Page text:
Ibelieve we all have dreams to do the things that we love most — to feel alive and fulfilled in every way possible. We’re here to find tasks that give meaning to our existence and make this mundane life livable. Philosopher Richard Taylor says our life is meaningless — what gives it meaning is a sense of purpose: the will to survive.
How many of us actually make those dreams a reality? The trouble is that before even beginning to achieve that dream, many of us have doubts about our ability to do what we love. We are apprehensive and hesitant to try out something different.
The voice in our head often says: “I don’t have the time or the money . . .”
Self-sabotage is any kind of behavior or thought that keeps us away from what we desire most in life. Reluctance on our part to take up new challenges is a characteristic trait of self-sabotaging behavior. It is the conflict that exists between our conscious desires and unconscious wants — or as Sigmund Freud would describe it, our identity versus our ego — that manifests itself in self-sabotage patterns.
This self-sabotaging behavior originates from our fear of failure. The overwhelming sentiment growing inside of us, gnawing at us, and saying, “You cannot do this,” is what deters us from our goal of achieving the greatness we are born to do.
What can we do to stop sabotaging ourselves?
When I begin to fear failure, there is one thing that stops my fear in its tracks. I just think about that dreaded, terrible feeling of regret.
“When lying in bed at night and regrets from the day come to steal your sleep:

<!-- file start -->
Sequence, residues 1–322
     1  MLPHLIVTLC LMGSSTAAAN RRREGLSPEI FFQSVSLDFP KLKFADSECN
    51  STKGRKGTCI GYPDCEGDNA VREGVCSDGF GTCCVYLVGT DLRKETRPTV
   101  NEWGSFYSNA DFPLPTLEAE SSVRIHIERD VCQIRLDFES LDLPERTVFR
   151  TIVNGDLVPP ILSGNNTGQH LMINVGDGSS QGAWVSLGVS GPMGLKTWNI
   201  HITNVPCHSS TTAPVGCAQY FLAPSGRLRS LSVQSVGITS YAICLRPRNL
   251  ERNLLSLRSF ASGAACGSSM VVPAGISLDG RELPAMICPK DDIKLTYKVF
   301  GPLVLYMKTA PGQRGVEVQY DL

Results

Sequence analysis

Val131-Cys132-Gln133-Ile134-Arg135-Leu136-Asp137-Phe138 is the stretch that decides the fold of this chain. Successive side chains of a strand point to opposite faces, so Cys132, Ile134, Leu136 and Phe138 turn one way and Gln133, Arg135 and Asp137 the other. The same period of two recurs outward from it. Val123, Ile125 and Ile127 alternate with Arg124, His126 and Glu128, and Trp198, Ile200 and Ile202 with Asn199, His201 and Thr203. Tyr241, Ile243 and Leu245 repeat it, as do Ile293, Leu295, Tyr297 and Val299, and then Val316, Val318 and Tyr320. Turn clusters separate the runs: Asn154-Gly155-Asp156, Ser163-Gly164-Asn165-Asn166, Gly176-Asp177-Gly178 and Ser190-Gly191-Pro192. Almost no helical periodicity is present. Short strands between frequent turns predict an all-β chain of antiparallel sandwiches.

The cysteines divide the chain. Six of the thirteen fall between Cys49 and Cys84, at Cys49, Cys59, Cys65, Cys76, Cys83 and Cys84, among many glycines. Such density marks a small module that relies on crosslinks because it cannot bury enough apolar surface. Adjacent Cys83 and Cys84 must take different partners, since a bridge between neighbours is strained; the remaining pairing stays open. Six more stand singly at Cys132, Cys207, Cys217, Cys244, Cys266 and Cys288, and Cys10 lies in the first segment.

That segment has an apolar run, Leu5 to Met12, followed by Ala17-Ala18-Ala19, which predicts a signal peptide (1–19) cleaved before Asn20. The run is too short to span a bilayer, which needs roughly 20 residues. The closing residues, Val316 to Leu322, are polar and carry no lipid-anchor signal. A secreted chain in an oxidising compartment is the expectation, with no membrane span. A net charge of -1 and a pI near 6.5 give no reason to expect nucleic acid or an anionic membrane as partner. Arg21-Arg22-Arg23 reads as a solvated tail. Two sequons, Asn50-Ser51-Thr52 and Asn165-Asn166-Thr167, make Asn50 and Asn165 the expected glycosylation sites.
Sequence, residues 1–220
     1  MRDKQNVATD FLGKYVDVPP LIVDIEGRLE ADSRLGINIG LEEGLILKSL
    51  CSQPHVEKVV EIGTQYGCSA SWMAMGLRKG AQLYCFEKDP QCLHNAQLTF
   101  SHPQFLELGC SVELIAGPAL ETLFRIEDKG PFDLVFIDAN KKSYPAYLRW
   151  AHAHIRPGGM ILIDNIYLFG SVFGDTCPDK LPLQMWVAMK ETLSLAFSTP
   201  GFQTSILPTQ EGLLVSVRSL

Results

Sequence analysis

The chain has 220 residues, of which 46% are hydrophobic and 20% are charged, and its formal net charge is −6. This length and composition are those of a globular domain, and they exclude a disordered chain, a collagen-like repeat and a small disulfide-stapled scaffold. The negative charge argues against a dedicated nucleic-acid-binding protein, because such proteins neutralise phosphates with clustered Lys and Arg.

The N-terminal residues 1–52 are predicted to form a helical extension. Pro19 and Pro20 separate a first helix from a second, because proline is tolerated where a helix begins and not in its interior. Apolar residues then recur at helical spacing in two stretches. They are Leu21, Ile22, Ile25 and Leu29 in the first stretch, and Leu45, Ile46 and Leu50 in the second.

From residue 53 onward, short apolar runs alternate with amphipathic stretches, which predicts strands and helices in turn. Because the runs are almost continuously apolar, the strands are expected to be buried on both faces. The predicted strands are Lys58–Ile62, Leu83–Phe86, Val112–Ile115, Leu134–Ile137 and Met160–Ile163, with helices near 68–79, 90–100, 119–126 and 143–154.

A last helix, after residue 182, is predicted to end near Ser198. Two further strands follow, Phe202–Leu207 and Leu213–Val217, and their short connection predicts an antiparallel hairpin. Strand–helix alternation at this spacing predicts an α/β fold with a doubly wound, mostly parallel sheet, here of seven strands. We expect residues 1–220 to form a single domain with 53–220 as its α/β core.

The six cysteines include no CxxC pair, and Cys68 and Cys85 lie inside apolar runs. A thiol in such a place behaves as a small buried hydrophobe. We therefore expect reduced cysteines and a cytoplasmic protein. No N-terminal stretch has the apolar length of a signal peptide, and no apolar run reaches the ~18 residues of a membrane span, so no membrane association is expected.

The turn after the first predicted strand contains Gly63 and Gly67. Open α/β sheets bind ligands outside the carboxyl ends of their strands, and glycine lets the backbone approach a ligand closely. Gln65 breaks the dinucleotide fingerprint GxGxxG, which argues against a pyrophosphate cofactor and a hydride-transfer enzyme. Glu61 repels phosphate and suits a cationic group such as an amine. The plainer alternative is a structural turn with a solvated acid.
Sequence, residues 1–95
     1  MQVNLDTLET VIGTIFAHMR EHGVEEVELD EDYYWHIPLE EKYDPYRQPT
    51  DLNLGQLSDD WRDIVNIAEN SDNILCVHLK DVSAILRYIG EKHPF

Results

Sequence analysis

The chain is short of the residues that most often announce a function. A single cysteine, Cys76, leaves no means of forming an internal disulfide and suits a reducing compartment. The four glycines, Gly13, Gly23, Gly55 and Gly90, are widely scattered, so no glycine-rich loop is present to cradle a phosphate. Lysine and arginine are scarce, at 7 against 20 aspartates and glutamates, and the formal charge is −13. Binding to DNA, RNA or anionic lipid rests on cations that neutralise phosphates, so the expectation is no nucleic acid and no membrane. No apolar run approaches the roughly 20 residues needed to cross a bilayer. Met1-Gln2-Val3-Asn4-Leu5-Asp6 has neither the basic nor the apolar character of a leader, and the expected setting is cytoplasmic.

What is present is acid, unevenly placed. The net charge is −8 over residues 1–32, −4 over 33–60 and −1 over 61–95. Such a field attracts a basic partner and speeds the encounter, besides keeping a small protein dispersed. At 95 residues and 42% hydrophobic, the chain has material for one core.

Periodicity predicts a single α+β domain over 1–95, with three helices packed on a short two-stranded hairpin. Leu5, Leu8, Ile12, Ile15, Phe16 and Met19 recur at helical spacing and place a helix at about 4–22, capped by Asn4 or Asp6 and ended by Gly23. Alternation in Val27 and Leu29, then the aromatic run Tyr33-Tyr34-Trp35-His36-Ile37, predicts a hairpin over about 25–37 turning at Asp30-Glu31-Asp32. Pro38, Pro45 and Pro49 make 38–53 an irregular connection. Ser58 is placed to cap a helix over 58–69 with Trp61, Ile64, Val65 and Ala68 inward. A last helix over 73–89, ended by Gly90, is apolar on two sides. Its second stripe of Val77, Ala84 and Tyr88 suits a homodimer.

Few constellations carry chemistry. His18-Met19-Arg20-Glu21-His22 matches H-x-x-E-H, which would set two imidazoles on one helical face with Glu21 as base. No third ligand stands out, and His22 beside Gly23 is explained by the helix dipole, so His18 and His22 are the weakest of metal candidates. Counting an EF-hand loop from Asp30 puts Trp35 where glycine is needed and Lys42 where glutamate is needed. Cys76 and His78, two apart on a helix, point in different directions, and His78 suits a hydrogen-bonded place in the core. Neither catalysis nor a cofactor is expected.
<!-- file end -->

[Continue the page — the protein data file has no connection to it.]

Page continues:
‘I should have’
‘If only I’d’
‘I wish I’d’
. . . grab one of them and turn it into an ‘I will’ and sleep peacefully knowing tomorrow will be a better day.” — L.R. Knost
One feeling that lasts much longer and is more powerful than fear is regret.
Where does our fear of failure originate? Identifying the root cause is the first step to acknowledging our fear and overcoming it. I sit down, close my eyes, relax, take deep breaths, and try to understand my fear. Coming face to face with our anxiety is the best way to get over our trepidation.
Once I have identified the cause of my fear, I try to focus on my goals. Every time a thought like “I can’t do this because . . .” comes up, I try to recalibrate myself, and focus on the small tasks that move me toward my overall goal. To conquer fear of failure, we must set our mind completely on the outcome that we want to create. The more we can focus on our end game, the more we obliterate pessimism from our mind.
Once we shift our mindset from being the victim to being the bold one who wants to achieve their destiny, we have to take action. When we are scared, often we fill our days with busy work to avoid real issues. This avoidance through being busy justifies our lack of progress. To move forward, we must stop spending our valuable time on mundane activities.
“We dream to give ourselves hope. To stop dreaming — well, that’s like saying you can never change your fate.” — Amy Tan, The Hundred Secret Senses
We need to ask ourselves “How badly do I need to complete this . . . ?” At the end of the day, we are our best motivators. Failure is a part of life; it is failure that makes us stronger and more persistent to achieve our goal.
Rainer Maria Rilke in Letters To A Young Poet wrote: